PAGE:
Cybernews podcast #43: crooks attack Ticketmaster and Paris Olympics

In the freshest episode of the Cybernews podcast, we deep-dive into the Ticketmaster breach debacle, debate the continuing issues at Google, and analyze what Russian hackers could do during the Paris Olympics.

Ticketmaster breach a lesson we all need

Swifties, beware. One group of concertgoers in hacker’s crosshairs are those clamoring to see Taylor Swift during her in-progress EU tour. And so it happens that Ticketmaster, an American ticket sales and distribution company, was breached recently.

At first, Ticketmaster stalled and did not acknowledge whether the breach – which supposedly exposed a mind-boggling 560 million customers – actually happened. But then both Ticketmaster’s parent company, Live Nation, and Santander Bank, another targeted institution, admitted the incident.

Both organizations said that the breaches were the result of a third-party cloud data breach. They didn’t specify the vendor, but soon the name was out there, thanks to ShinyHunters, a threat group that shared a large swath of stolen data on the revived BreachForums. The culprit is Snowflake, an American data cloud company.

But Snowflake denied responsibility for the breaches. Yes, the company admitted an ex-employee account was compromised but denied that the hack was linked to the attacks on Ticketmaster and Santander Bank customers.

Researchers from vx-underground, working with samples, said the leak exposes personal information that includes full names, email addresses, physical addresses, telephone numbers, hashed credit card numbers, their types, authentication type, and “all user financial transactions.”

So what’s going on? Quite obviously, it’s a grave lesson for both Ticketmaster and Snowflake. Even if the vendor is smart enough to take a defensive stance and make it sound like their product is at fault, blunders were made, and the damage is yet to become clear.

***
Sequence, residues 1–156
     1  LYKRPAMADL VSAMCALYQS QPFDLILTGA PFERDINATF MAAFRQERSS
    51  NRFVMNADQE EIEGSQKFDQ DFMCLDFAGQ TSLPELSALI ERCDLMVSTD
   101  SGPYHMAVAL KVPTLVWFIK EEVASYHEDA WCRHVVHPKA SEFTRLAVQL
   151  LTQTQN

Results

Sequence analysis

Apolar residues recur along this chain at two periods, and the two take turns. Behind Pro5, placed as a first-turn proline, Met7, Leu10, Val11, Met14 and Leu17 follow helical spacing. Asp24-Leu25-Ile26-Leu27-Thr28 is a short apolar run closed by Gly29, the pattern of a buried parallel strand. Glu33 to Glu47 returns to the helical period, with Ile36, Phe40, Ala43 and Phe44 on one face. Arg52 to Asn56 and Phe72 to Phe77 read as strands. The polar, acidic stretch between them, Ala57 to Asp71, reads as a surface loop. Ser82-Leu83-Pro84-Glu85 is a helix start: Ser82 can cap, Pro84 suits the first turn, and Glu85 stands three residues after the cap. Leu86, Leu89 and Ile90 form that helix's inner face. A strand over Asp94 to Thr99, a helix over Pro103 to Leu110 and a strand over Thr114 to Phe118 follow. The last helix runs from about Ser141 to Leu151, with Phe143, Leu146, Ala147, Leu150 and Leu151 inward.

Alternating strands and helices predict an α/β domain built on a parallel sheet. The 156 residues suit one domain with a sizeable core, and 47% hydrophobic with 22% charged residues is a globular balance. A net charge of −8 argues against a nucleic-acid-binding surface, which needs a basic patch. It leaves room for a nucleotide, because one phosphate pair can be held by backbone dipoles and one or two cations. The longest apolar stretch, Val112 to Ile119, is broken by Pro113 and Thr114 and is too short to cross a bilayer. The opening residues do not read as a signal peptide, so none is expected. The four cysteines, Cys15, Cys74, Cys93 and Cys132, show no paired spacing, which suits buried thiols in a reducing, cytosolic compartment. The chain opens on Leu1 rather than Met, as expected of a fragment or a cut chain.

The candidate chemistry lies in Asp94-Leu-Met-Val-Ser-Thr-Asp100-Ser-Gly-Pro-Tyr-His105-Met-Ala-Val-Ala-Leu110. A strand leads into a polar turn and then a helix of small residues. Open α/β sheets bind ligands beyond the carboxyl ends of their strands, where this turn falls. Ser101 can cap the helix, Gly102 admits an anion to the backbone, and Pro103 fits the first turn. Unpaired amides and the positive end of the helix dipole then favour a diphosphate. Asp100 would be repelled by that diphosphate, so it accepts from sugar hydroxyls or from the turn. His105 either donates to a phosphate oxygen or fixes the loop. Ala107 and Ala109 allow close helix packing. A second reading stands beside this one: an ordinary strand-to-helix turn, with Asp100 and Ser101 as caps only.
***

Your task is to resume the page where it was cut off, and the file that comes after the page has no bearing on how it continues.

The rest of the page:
Google in hot water once again

We couldn’t avoid talking about Google once again. Now, it looks like the largest internet company out there has more problems than its AI Overview feature on Search and glue on pizza.

The tech giant has been hit with not one but two leaks over the past week and just cannot seem to be able to escape hot water. Anonymous Google employees leaked an internal database to 404 Media, a news outlet, and soon, it revealed that Google had been collecting sensitive data from users.

For example, the leak revealed that a Google audio feature unintentionally recorded the voices of around 1,000 children, that Waze – owned by Google – was leaking users’ addresses, and that Google Street View was actually scanning, transcribing, and then storing cars’ license plates.

There was more. Another cache of leaked Google documents showed that the company’s Search Division may be using data to rank websites in a way that’s at odds with its public statements.

SEO experts have accused Google – the subject of the largest antitrust lawsuit in the US in the 21st century – of lying to users about its algorithm, which alone can help determine whether a business succeeds or fails.

Google is an essential part of our lives now, of course – most of us use its Search every day. But the company could certainly try to make itself easier to love, right?

Tom Cruise loathes the Olympics

Tom Cruise is not a regular name on technology news headlines, but apparently, he’s loved over on Russian Telegram channels that have been promoting a faux documentary called “Olympics Has Fallen.”

Resembling the 2013 action hit “Olympus Has Fallen,” the feature-length production is filled with AI-generated trickery, mimicking Tom Cruise’s voice to condemn the International Olympic Committee.

Of course, Cruise did not participate in any such documentary, but the AI-generated audio impersonates his voice and narrates “a strange, meandering script disparaging the International Olympic Committee’s leadership.”

Experts now know the video is fake and, quite frankly, absurd. But it’s still out there, and that means millions of people who don’t know why Russian athletes are banned from competing under their national flag (systematic cheating and the invasion of Ukraine) might still watch it and believe it.

All in all, Mandiant, a US cybersecurity firm, assesses that the security community is better prepared for the cyber threats facing the Paris Olympics than it has been for previous Games – thanks to the insights gained from past events.

Cyberbunker for sale in Germany

Finally, a Cold War-era bunker, built by the German military and later used by cybercrime ring CyberBunker to power the dark web, is now for sale. The state of Rhineland-Palatinate in Germany is looking to sell the CyberBunker property in Traben-Trarbach to the highest bidder.

The 5,500 square meter bunker was used as a darknet data center and cybercrime haven, facilitating almost 250,000 crimes, such as drug deals, data trafficking, cyberattacks, counterfeit money transactions, and others.

We try to guess how the property could be used now – a shooting range? Or maybe a wine and cheese cellar?